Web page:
From my gaze!
Silence, silence!

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*O Come, All Ye Faithful (Adeste Fideles) – England or Portugal (17th or 18th c.)

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*The Huron Carol – Canada (17th c.)

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Violin Concert No. 4 “Winter” in F minor, RV 297 – Antonio Vivaldi (1678-1741)

I: Allegro non molto

In one of Verdi’s more popular mezzo arias, Azucena, the daughter of an accused witch gruesomely describes the execution by fire of her mother. Listen for:

•Chromatically rising chords representing the flames reaching for the sky

•The piano interlude melody that recurs, originally played by an oboe

•Cognitive dissonance in a lively melody – for the cheering crowd – versus the dark tonality of the execution

II: Largo

In one of Verdi’s more popular mezzo arias, Azucena, the daughter of an accused witch gruesomely describes the execution by fire of her mother. Listen for:

•Chromatically rising chords representing the flames reaching for the sky

•The piano interlude melody that recurs, originally played by an oboe

•Cognitive dissonance in a lively melody – for the cheering crowd – versus the dark tonality of the execution

III: Allegro

In one of Verdi’s more popular mezzo arias, Azucena, the daughter of an accused witch gruesomely describes the execution by fire of her mother. Listen for:

•Chromatically rising chords representing the flames reaching for the sky

•The piano interlude melody that recurs, originally played by an oboe

•Cognitive dissonance in a lively melody – for the cheering crowd – versus the dark tonality of the execution

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*Bring a Torch, Jeanette, Isabella – France (17th c.)

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Selections from Weinachts-Oratorium, BWV 248 – Johann Sebastian Bach
text by anonymous author(s), possibly including Christian Friedrich Henrici

I: Schließe, mein Herze

Candela, the story’s protagonist, sings an impassioned aria about her conflicted love for her deceased husband, who continues to haunt her. Listen for:

•A dense piano ostinato, with ornaments representing the English horn

•Heavy Spanish nationalist influence, characteristic of Falla’s middle-period works

•A heavily ornamented vocal line that generally remains in the lower register – characteristic of the “cantaora” style

ENGLISH TRANSLATION from Spanish

Ay! I don’t know what I feel,
I don’t know what happens to me
When this accursed gypsy’s away.
Only Hell’s fire burns hotter
Than all my blood burning with jealousy!
Ay! When there are rumors,
what could they mean? Ay!
For the love of another, he forgets me! Ay!
When the fire burns,
When there are rumors …
If they cannot kill the fire,
Suffering condemns me!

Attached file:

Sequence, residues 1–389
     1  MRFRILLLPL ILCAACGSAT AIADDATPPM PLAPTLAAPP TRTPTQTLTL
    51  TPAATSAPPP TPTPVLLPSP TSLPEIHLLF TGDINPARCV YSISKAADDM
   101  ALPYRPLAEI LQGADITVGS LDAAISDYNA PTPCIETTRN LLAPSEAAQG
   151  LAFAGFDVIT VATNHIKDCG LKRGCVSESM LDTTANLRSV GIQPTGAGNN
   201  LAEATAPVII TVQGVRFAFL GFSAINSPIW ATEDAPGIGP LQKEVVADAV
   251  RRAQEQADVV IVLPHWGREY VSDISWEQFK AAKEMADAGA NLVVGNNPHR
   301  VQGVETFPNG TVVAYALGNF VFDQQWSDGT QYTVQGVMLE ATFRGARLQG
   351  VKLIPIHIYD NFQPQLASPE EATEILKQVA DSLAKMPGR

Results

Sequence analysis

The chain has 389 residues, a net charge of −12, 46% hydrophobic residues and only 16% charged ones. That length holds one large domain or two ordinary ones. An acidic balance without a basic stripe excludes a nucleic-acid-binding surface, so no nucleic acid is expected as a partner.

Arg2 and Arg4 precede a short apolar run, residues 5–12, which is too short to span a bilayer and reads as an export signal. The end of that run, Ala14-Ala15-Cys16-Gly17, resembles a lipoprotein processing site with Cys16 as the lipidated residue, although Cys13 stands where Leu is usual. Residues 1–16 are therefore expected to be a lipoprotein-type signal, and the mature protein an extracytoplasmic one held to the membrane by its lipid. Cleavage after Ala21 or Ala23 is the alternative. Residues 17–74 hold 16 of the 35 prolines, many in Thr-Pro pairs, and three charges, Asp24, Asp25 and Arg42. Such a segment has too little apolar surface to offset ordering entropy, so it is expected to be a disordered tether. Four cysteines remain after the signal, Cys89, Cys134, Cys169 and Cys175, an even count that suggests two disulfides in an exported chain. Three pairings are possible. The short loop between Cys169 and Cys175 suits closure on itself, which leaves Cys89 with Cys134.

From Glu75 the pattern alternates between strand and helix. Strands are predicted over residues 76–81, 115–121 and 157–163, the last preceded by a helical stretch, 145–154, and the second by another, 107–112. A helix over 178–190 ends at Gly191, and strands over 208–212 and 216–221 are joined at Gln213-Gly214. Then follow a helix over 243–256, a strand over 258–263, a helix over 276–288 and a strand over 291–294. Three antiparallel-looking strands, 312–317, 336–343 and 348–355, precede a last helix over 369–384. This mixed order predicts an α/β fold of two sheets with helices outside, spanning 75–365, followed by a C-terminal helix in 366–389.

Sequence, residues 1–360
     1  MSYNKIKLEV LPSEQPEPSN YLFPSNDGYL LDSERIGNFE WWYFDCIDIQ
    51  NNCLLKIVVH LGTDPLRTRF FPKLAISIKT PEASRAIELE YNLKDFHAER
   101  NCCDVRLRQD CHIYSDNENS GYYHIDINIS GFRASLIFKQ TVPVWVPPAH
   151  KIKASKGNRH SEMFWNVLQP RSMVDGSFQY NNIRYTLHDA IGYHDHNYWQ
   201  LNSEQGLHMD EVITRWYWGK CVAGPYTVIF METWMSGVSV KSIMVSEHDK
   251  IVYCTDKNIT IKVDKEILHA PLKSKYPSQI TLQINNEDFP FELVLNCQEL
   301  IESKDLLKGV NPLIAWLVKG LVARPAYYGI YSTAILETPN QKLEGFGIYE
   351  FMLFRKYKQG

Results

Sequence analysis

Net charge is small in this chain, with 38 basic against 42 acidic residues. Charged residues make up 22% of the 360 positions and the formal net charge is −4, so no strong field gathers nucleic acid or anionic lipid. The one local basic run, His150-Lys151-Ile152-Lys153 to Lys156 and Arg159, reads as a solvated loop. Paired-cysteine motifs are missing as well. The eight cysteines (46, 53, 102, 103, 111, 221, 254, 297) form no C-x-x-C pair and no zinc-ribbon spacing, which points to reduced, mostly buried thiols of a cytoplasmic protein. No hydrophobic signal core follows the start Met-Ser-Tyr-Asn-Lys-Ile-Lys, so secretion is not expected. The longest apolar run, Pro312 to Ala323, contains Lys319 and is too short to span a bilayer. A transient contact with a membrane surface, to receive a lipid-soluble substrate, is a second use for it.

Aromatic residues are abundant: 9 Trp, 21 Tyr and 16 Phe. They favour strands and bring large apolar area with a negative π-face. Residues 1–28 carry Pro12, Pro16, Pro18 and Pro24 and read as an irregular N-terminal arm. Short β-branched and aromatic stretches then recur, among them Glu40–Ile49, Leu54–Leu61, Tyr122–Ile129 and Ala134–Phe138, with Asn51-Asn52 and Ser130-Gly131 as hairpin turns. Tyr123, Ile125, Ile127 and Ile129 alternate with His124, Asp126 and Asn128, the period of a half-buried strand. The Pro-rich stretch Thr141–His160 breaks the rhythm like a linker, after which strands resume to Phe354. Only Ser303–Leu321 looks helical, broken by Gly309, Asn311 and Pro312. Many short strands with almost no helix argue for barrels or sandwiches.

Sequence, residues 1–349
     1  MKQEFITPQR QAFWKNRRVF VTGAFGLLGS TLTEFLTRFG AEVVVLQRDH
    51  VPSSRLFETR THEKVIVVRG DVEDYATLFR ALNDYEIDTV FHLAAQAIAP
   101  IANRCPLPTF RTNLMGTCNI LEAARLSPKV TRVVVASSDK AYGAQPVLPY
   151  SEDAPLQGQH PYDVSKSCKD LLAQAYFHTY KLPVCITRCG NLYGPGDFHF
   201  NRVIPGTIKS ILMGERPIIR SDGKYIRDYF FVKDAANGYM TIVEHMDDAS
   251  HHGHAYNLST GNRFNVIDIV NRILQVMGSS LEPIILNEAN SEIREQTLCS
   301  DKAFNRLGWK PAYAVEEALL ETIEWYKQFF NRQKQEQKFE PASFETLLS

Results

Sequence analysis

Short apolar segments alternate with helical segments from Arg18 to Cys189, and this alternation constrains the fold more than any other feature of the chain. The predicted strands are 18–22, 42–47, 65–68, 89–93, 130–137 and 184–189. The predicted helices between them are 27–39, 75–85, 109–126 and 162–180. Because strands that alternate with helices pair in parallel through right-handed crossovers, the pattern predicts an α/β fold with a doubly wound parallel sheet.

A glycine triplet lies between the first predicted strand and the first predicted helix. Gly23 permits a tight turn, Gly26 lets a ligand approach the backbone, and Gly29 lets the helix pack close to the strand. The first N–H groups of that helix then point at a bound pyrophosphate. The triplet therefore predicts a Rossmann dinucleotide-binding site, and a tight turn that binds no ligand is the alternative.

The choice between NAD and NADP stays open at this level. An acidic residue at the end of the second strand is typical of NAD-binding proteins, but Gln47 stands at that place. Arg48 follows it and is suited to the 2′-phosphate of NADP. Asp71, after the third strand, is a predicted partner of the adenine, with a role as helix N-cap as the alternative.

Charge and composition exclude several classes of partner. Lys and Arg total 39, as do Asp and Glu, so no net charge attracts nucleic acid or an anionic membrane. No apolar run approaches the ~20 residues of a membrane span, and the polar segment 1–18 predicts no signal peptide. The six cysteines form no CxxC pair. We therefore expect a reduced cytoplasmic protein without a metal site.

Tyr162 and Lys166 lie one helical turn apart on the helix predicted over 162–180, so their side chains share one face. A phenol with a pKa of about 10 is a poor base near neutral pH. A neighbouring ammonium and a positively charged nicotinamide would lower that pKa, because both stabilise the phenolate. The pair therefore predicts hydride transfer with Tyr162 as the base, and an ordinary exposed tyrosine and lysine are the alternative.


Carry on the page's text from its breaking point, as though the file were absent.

Love poisons me!
Sorrow kills me!
Ay! Ay!

II: Schlafe, mein Liebster

The specter restrains Candela – curses her – from pursuing her love for Carmelo, a handsome villager. Listen for:

•Sparse piano accompaniment, representing string pizzicato

•A legato piano interlude, ornamented with grace notes, meant to sound like the strumming of a guitar

•Stark color changes in the voice – sorrowful to spiteful

ENGLISH TRANSLATION from Spanish

Like the will-o’-the-wisp,
The very same is to love.
Like the will-o’-the-wisp,
The very same is to love.
You run from it, and it follows you,
You call it, and it runs away.
Like the will-o’-the-wisp,
The very same is to love.
Accursed the dark eyes
That succeeded in seeing him!
Accursed the dark eyes
That succeeded in seeing him!
Accursed the saddened heart
That wanted to burn in his flame!
Like the will-o’-the-wisp
Love vanishes the same.

III: Nun wird mein liebster Bräutigam

Candela stands up to the specter, who she learns was unfaithful to her in life. Now, she has a plan. Lucía – the gypsy who cheated with and murdered Candela’s husband has been lured to the nightly dance. The specter abducts her. Listen for:

•Extended piano passagework, synthesizing a beautiful melody (enticement) with an unsettling accompaniment

•Rapidly changing characters – tempo and key – portraying Candela’s dynamic words

•As Candela’s confidence grows – and her words become harsher – her melody becomes more ornate

ENGLISH TRANSLATION from Spanish

You are the evil gypsy
That a gypsy girl loved;
The love that she gave you,
You did not deserve!
Who could have thought
That with another you would betray her!
I’m the voice of your destiny!
I’m the fire in which you burn!
I’m the wind in which you sigh!
I’m the sea in which you are shipwrecked!
I’m the sea in which you are shipwrecked!

IV: Bereite dich, Zion

Candela stands up to the specter, who she learns was unfaithful to her in life. Now, she has a plan. Lucía – the gypsy who cheated with and murdered Candela’s husband has been lured to the nightly dance. The specter abducts her. Listen for:

•Extended piano passagework, synthesizing a beautiful melody (enticement) with an unsettling accompaniment

•Rapidly changing characters – tempo and key – portraying Candela’s dynamic words

•As Candela’s confidence grows – and her words become harsher – her melody becomes more ornate

ENGLISH TRANSLATION from Spanish

You are the evil gypsy
That a gypsy girl loved;
The love that she gave you,
You did not deserve!
Who could have thought
That with another you would betray her!
I’m the voice of your destiny!
I’m the fire in which you burn!
I’m the wind in which you sigh!
I’m the sea in which you are shipwrecked!
I’m the sea in which you are shipwrecked!

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*Joy to the World – England (18th c.)